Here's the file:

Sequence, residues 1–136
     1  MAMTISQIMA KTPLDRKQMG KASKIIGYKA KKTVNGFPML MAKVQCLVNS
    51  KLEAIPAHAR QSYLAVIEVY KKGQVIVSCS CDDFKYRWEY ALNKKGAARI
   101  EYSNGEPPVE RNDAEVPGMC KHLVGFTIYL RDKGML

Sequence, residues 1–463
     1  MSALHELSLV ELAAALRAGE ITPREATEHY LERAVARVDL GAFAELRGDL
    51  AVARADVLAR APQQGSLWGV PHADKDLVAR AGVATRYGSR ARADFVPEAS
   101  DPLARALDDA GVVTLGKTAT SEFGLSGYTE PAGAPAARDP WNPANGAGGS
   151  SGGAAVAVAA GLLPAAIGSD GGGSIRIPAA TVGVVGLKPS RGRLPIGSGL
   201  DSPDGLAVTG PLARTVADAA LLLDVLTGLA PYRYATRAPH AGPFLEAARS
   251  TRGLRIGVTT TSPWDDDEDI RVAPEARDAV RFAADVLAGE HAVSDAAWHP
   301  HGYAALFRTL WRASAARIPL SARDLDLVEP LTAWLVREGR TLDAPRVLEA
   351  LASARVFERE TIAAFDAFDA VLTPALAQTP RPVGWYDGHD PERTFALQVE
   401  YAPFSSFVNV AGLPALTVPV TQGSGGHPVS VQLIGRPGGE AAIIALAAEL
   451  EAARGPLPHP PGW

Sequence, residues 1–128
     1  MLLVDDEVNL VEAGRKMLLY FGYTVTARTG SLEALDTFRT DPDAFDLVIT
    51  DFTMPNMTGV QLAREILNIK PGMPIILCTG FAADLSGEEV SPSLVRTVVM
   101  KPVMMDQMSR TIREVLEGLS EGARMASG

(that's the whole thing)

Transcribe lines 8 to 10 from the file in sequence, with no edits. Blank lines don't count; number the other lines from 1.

   101  DPLARALDDA GVVTLGKTAT SEFGLSGYTE PAGAPAARDP WNPANGAGGS
   151  SGGAAVAVAA GLLPAAIGSD GGGSIRIPAA TVGVVGLKPS RGRLPIGSGL
   201  DSPDGLAVTG PLARTVADAA LLLDVLTGLA PYRYATRAPH AGPFLEAARS